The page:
Tuesday, February 9, 2016

Prophets And Kings, Day 10. Building The Temple, Part 1

Prophets And Kings
Day 10
Building The Temple
Part 1

This mornin we reads about the construction of the temple and we gets an idea of what it looked like from the outside.

1 KINGS 6:1-13
"In the four hundred and eightieth year after the Israelites came out of Egypt, in the fourth year of Solomon's reign over Israel, in the month of Ziv, the second month, he began to build the temple of the Lord." (1 Kings 6:1) According to the estimated year Solomon began to reign, this would put the exodus at around 1447BC or close to it, making the pharaoh of the exodus either Thutmoses III or his successor, Amenhotep II. I myself am quite fond of the Thutmoses III theory which we discussed in our blog study of Genesis on Day 113, but there are also good reasons to suppose it could have been Amenhotep II. We will probably never know for certain until we get to heaven, but these mysteries are fun to think about.

"The temple that King Solomon built for the Lord was sixty cubits long, twenty wide and thirty high. The portico at the front of the main hall of the temple extended the width of the temple, that is twenty cubits, and projected ten cubits from the front of the temple. He made narrow windows high up in the temple walls. Against the walls of the main hall and inner sanctuary he built a structure around the building, in which there were side rooms. The lowest floor was five cubits wide, the middle floor six cubits and the third floor seven. He made offset ledges around the outside of the temple so that nothing would be inserted into the temple walls." (1 Kings 6:2-6) Remember when we got to the end of our study of 1st and 2nd Samuel and David purchased a threshing floor and some land surrounding it? That became the site for the temple on Mount Moriah, the same place Abraham was about to sacrifice Isaac in the book of Genesis. The cross where the Lord Jesus Christ paid for our sins was planted on a hillside in the large plot of land David purchased. 

The long portico mentioned above is thought by Bible archaeologists to be what is known as "Solomon's Porch" or "Solomon's Colonnade" from John 10:23 when we are told that Jesus was walking there on a winter day. Of course, Solomon's temple was long gone by then and the temple in Jesus' time was Herod's temple, but according to the ancient Jewish historian Josephus, the portico was never destroyed by the Babylonians and it remained up against the side of one of the walls built by Herod. I wonder if Solomon could possibly have had any idea that someday his Lord and King would walk there. Jesus stood on Solomon's colonnade and reasoned with the Pharisees about His claim to be the Messiah. 

"In building the temple, only blocks dressed at the quarry were used, and no hammer, chisel or any other iron tool was heard at the temple site while it was being built." (1 Kings 6:7) A holy silence prevailed at the temple site, at least so far as the sound of metal tools was concerned. In this Solomon shows a special kind of reverence for the Lord and His house. I am reminded of the verse, "Be still, and know that I am God." (Psalm 46:10)

"The entrance to the lowest floor was on the south side of the temple; a stairway led up to the middle level and from there to the third. So he built the temple and completed it, roofing it with beams and cedar planks. And he built the side rooms all along the temple. The height of each was five cubits, and they were attached to the temple by beams of cedar." (1 Kings 6:8-10) Nothing but the best went into this temple.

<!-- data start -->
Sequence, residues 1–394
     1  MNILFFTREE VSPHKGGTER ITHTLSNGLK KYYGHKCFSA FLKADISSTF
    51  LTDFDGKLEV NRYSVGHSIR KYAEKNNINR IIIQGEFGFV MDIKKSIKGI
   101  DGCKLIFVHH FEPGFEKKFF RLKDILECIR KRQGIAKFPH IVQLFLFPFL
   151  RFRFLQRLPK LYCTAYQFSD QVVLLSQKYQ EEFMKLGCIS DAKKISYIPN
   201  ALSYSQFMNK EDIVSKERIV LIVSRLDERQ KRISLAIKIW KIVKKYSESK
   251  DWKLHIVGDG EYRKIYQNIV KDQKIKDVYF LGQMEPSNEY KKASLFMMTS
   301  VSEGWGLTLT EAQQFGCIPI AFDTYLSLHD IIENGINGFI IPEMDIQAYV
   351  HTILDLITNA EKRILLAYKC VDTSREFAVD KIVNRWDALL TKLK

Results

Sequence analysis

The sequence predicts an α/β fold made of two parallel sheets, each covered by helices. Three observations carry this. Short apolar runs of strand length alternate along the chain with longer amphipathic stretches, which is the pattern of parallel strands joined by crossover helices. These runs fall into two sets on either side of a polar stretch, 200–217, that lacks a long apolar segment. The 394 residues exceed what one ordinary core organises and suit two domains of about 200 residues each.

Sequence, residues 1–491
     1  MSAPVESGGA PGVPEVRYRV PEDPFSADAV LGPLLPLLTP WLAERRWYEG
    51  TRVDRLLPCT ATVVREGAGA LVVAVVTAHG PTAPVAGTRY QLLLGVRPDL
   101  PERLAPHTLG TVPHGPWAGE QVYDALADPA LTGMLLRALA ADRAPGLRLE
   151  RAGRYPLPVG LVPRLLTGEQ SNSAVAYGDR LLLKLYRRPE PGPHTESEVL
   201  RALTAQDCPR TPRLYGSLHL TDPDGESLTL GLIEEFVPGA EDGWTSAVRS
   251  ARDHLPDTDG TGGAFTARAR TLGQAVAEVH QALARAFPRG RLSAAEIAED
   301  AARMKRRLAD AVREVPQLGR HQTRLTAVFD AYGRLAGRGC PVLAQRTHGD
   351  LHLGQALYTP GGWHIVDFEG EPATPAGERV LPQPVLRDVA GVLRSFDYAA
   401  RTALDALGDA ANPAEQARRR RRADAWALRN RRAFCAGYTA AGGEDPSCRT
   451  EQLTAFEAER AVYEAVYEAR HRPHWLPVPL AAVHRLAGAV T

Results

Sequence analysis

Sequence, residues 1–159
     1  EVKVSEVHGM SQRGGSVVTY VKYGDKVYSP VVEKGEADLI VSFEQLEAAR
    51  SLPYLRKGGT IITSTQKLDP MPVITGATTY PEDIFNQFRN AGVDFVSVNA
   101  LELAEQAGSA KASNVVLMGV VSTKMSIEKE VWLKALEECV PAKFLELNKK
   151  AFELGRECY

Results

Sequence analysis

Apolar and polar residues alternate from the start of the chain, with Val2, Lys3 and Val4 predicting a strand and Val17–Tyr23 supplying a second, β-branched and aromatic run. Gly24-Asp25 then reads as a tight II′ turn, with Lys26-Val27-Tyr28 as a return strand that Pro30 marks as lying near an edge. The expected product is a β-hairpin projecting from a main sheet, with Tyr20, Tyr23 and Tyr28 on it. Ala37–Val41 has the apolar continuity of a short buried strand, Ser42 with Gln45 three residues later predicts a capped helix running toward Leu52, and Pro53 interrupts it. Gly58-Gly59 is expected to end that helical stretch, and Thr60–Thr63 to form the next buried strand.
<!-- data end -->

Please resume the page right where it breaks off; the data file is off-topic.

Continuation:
At this point the temple is what would be called in modern times "under roof". The outer and inner walls are complete and the roof is on. Before Solomon contends with the inside,during what may have been a pause in the action, the Lord speaks to him. "The word of the Lord came to Solomon: 'As for this temple you are building, if you follow My decrees, observe My laws and keep all My commands and obey them, I will fulfill through you the promise I gave to David your father. And I will live among the Israelites and will not abandon My people Israel.'" (1 Kings 6:11-13) The Lord repeats His promise, the promise He formerly made to David in 1 Kings 9:5 and 2 Chronicles 7:18. This promise was based on David and his descendants keeping their end of the bargain and if they did so, there would always be a man of David's line sitting on the throne of Israel. As we know, the line of David failed to keep their end of the bargain, the Babylonians conquered the nation and destroyed the temple, and the glory of the Lord departed from Israel. He did not wholly abandon them, but He did allow them to suffer for their sins of idolatry.

When the King of kings returns to reign forever, He will be the Son of David, the Lord Jesus Christ, and He will sit on David's throne just as God promised. Man failed to keep his part of the bargain but God will remain faithful to His part, even though we don't deserve it. Since the fall of Israel to Babylon, there has been no throne and no king, but this doesn't negate the word of God. For a time He has left off keeping a man on David's throne until "the times of the Gentiles are fulfilled". (Romans 11:25) There are some destinies that even our miserable sins and failures cannot alter and we cannot alter God's intention to place His own Son on the throne of David and set up an eternal kingdom of peace. I long for that day! Sometimes it seems like our nation and the whole world is falling apart but the One who will wear every crown will make all things right. "The Lord will be king over the whole earth. On that day there will be one Lord, and His name the only name." (Zechariah 14:9) Amen. Come soon, Lord Jesus. 

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